The place was basically one tremendous elongated corridor, a tall narrow space floored with cork and festooned with dormant string lights which hung powerless between corbets set high on the rough stone walls. From the corbets great plants of all shapes and sizes arced and drooped and spread their branches across the airspace. "I can see why you like it here," remarked Darmad as they took their seats in a small booth with synthetic leather padding just a touch too red for its surroundings.

It was midmorning and the place was sparsely occupied. As was typical of Torsad-Laur alone among the districts of Dam-Torsad, those few who were in here mostly kept to themselves. Dam-Torsad’s people had a great general tendency to stay in direct active communion with one another while in public, either chanting or praying or speaking loudly and at great length with their companions. At all waking hours their environment encouraged them, subtly and unsubtly, to do this; through praydrones and billboards and other disruptive phenomena, a habitual preference for communion over solitary contemplation was constantly reinforced in the populace. The Font, meanwhile, had people indulging in all manner of solitary idiosyncracy. At one table a heavyset girl with a pretty face sat munching on something, absently combing her thick hair. At another, a man rolled a cigarette contemplatively in the slanted rays of the morning sun while his companion read a book. Darmad felt relieved to be back. It was as if the chain around his soul had been loosened slightly.

They passed the morning in idle chatter, eating a light breakfast, content to simply enjoy each other’s presence. At around midday, morning prayer being over, the place’s regulars started filtering in from the busy streets of the quarter. His father on more than one occasion remarked that the crowd was strange this morning, that there floated about a faint apprehension quite atypical of this bustling straightforward place. Shortly after midday, Darmad was in the middle of relating an amusing anecdote when a great shout rose from the middle of the room and a figure detached itself from the throng.

"Well, look here!" It was a big man whose black beard and receded hairline framed a face deeply carved with smile-wrinkles. Darmad slid over one seat and the man sat down next to him.

"Hello, Crofton," said Engru.

"Engru," replied Crofton. "Your houseborn’s back, I see."

"Just for a short while," interjected Darmad with artificial cheer, annoyed at being spoken to in the third person. "How’ve you been?" The old discomfiture returned; growing up, he had always by turns been impressed with Crofton and frightened of him.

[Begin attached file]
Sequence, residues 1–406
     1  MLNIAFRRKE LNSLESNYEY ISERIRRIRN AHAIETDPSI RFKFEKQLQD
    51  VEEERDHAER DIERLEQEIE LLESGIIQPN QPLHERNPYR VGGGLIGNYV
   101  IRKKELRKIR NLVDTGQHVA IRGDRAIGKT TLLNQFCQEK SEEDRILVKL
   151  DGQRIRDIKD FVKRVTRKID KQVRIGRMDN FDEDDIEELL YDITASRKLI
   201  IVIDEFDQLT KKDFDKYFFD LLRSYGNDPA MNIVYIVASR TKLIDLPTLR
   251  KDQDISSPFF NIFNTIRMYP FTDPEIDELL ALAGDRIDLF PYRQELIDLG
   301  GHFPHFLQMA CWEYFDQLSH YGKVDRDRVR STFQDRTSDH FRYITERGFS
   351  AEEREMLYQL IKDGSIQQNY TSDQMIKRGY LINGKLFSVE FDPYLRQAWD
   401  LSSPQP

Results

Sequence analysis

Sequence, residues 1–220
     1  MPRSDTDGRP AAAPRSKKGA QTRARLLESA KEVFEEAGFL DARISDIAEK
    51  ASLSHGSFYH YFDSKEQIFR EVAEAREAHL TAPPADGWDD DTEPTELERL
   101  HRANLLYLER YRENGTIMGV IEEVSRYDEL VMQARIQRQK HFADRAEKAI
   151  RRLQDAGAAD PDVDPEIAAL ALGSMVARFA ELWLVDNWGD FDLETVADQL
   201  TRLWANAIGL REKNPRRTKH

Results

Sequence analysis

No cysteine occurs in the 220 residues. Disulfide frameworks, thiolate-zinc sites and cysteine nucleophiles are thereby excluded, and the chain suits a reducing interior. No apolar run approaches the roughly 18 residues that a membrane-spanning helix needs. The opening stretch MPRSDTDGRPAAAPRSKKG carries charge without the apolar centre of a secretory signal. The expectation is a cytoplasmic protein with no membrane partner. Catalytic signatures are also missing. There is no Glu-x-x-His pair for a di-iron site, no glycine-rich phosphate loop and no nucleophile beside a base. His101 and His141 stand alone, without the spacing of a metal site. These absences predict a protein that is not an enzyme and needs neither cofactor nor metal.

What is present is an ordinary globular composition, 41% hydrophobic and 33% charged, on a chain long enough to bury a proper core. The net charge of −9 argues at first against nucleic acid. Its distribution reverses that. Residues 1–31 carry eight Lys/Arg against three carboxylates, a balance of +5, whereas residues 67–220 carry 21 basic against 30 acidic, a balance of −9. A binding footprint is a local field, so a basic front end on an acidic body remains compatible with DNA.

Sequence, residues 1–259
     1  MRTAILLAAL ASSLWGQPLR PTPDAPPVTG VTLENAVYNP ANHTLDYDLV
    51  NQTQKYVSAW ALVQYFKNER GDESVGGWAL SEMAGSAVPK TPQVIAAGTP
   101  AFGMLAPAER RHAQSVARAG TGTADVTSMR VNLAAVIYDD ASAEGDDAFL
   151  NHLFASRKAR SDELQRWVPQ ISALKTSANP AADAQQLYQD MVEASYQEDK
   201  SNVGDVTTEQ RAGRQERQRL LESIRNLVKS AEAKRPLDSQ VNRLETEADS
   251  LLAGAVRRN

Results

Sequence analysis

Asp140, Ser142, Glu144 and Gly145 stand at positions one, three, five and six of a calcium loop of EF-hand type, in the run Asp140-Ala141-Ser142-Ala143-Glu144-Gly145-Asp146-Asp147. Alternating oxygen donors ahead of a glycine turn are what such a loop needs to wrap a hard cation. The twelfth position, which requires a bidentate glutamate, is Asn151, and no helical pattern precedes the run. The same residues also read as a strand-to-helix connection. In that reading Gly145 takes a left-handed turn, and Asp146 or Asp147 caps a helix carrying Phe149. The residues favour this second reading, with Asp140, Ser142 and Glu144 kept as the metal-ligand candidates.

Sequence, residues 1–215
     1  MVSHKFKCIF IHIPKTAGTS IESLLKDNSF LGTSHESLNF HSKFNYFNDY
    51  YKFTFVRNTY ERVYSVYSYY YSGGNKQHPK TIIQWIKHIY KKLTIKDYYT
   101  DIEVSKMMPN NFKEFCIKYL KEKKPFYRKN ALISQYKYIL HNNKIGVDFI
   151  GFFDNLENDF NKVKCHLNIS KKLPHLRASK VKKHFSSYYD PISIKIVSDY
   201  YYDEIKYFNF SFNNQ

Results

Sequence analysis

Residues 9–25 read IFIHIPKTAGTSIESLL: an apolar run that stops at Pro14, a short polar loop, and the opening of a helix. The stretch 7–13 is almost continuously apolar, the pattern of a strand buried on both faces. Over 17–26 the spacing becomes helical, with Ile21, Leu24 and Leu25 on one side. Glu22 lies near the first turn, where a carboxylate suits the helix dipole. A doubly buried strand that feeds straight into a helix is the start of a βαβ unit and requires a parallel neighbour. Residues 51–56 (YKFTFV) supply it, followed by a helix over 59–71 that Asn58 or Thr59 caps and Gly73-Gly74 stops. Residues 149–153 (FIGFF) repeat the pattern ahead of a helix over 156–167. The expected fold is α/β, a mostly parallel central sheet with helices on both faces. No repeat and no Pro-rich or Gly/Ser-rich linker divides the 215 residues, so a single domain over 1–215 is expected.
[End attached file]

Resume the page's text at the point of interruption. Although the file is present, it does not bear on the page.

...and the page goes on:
"Oh, you know. Keeping busy," said Crofton. He flagged down a waiter and ordered kacha root tea. "Perused the day’s palaver?" he said to no one in particular as the waiter carefully poured the dark green liquid into his cup.

Engru nodded faintly. "Vagaries and hearsay as usual, I suppose."

"I don’t think so. Not this time," said the big man. The waiter finished pouring the tea and bowed. Crofton grabbed the cup and perpetrated a gregarious slurp.

"Pray tell," said Engru.

Crofton began to speak in the deliberate diction that was his custom. His words were habitually infused with gravity, and propelled by his powerful voice they became missiles of rhetoric. He had been a leader once, an orator capable of moving men and mountains, but after consenting to a speaking engagement in Ammatar space he had been captured and given to the same university subcampus as Engru. This was Amarr’s preferred way of silencing her enemies. Killing was too crass. It acknowledged too much fear. The real victory didn’t lie in brute extermination (except in cases where required on a large scale for logistical or geographical reasons), but in defeating your picture of things with theirs.

Of course, particular sorts of people are immune to such tactics, and Crofton was of that general sort. A stodgy Brutor warrior-poet who had never had much truck with rigid self-image or outward appearance, he had never seemed to mind his lowered status. Toward his masters he indulged in the sign language of submission expected of every slave, but his area of expertise – representational systems of governance and their application in a pan-planetary setting – gave this "democrat savage" a certain degree of leeway toward the bemused scholars of Hedion. Time and time again, regardless, he had had to accept punishment for expressing his heretical views too loudly; but to Crofton, there were worse things than the electric lash.

Most of the people who made this quarter their home were similar to Crofton, though the vast majority were high-generation houseborn, slave children to slave children. Artists, musicians and academics, preachers and weirdoes and vagrants and madmen, all played their parts in the great cruel mechanism of the empire. It was said in the high halls of Amarr society that Torsad-Laur was the only slave-inhabited quarter where the gentry could walk at night without being attacked – and where, moreover, one could even have a conversation with a slave, if one were inclined toward an evening’s debasement.